When the lunch bell rang on Feb. 5, students rushed into the rally court to see what clubs they would consider joining in 2018. Similar to many other clubs, WiSTEM had their own poster board up for the new semester, showcasing facts about the club and women in the STEM field.
Senior and vice president Kriti Lalwani mentioned how they were inactive in the first semester because of complications with the renewal of WiSTEM, which caused them to turn in their form for continuation late. However, the club is ready to start having meetings again. The club plans to focus on promoting BARE, which stands for Bay Area Research Exposition. It is an event in which WiSTEM clubs from different schools answer a prompt in order to potentially solve worldly problem in relation to the tech industry.
“A lot of the WiSTEM clubs at different high schools in this area come together to put on [BARE],” Lalwani said. “It’s a way for girls to do a research project … you get to meet with panelists who are actual women working in STEM fields … We’re also planning on having some field trips and some guest speakers come in to come in and talk.”
Lalwani expresses her personal excitement on starting the club this year and describes how it helped her.The club opened opportunities to explore different areas to help with ideas in the future.
“I’ve been in [WiSTEM] since freshman year and I thought it was a good way to get introduced to different STEM fields,” Lalwani said. “It also it helped me discover some ideas for research and just like talking to women in those fields.”
Freshman Claire Wen signed up for the club for the first time this year. She recounts her own interests in the STEM fields and hopes the club could assist her in pursuing those interests. Even though it was her first time hearing about it, Wen joined anticipating the benefits of the club.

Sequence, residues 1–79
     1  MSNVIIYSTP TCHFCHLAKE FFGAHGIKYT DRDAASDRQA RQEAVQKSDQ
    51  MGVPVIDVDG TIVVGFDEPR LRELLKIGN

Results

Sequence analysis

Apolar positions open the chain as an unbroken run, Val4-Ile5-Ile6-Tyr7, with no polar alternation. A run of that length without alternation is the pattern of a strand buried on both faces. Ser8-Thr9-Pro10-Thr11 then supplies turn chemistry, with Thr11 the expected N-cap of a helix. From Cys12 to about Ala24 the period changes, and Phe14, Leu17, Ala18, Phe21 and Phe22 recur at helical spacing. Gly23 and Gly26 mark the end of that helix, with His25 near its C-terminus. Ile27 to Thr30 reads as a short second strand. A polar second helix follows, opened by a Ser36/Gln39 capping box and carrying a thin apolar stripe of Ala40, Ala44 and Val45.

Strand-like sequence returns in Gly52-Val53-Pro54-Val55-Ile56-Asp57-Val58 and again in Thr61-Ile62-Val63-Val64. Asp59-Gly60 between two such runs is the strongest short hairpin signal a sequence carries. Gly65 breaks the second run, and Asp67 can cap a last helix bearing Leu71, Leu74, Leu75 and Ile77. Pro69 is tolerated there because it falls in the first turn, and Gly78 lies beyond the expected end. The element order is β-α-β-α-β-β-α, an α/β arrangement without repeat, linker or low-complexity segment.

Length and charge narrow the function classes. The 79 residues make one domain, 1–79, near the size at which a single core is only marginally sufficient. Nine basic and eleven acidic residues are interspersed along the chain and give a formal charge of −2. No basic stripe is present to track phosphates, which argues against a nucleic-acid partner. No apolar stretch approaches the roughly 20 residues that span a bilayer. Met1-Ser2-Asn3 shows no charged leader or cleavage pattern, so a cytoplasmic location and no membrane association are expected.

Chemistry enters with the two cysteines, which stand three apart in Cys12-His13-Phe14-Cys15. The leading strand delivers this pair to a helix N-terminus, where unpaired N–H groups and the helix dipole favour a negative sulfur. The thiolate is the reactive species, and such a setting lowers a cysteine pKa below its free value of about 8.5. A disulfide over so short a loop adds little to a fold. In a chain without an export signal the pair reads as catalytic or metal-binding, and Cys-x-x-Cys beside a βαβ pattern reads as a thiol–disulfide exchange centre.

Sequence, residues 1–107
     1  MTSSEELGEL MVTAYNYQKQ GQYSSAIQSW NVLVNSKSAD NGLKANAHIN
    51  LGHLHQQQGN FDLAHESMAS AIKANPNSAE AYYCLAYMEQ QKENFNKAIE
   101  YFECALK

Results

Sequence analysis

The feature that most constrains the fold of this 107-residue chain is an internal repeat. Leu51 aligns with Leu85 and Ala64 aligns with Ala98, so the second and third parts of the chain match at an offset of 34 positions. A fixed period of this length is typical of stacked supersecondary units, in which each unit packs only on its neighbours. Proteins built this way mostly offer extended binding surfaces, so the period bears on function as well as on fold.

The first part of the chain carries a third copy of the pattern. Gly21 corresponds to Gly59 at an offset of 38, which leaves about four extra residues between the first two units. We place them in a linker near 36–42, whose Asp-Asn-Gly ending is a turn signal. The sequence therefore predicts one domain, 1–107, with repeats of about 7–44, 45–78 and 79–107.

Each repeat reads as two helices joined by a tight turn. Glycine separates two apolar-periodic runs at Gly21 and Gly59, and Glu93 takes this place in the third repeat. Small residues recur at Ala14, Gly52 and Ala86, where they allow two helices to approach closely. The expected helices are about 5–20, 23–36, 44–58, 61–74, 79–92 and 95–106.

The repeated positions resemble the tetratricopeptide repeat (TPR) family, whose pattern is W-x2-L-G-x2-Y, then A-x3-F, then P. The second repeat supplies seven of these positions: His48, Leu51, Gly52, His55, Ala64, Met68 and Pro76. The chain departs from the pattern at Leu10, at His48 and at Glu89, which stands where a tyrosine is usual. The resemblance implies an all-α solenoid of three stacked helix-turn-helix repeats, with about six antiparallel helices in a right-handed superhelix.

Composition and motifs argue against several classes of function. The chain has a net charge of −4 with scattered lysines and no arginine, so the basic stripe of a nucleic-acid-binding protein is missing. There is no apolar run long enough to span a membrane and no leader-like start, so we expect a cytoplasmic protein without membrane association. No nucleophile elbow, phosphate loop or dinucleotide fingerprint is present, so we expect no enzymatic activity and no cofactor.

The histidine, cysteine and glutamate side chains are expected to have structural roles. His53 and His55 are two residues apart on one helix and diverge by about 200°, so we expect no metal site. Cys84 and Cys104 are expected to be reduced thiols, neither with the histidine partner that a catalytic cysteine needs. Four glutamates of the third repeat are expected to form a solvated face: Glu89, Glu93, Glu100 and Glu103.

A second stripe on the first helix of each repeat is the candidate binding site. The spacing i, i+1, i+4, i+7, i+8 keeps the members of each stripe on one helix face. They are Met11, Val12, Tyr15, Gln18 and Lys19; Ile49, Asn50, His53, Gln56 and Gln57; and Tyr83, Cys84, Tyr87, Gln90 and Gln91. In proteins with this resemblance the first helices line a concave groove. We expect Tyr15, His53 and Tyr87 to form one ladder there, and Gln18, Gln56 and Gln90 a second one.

“I haven’t really heard about this other than at school and then I just saw the poster board and thought it looked interesting,” Wen said. “I’m pretty into math and science-y stuff and then I thought it’d be pretty cool to join the club.”
Sophomore Manogna Rajanala also signed up for the club this year. She said that joining WiSTEM would help her explore different STEM fields and believes that women in stem should be more prevalent.
“It’s really amazing that there are a lot of clubs that promote women in technology and its fun to explore the opportunities that are available for us to see if we like the field or if we don’t,” Rajanala said.
Rajanala is interested in engineering and computer science and thinks the advancement of technology as well as different innovations around the world are astonishing. She also believes in the idea of people working together to achieve a common goal or create something new, and clubs like WiSTEM allow that exposure.
Lalwani appreciates the motivation the club gave her in her freshman year and believes that WiSTEM can do that now with new freshman.
“[WiSTEM] inspires you so I’d like to leave that for other freshmen right now and of course any other grades too so I’m glad that we’re starting up,” Lalwani said. “I would say that if you are interested in STEM or even if you think you might just want to hear about some interesting guest speakers come in to talk you should come visit us in room B103 on Wednesdays at lunch.”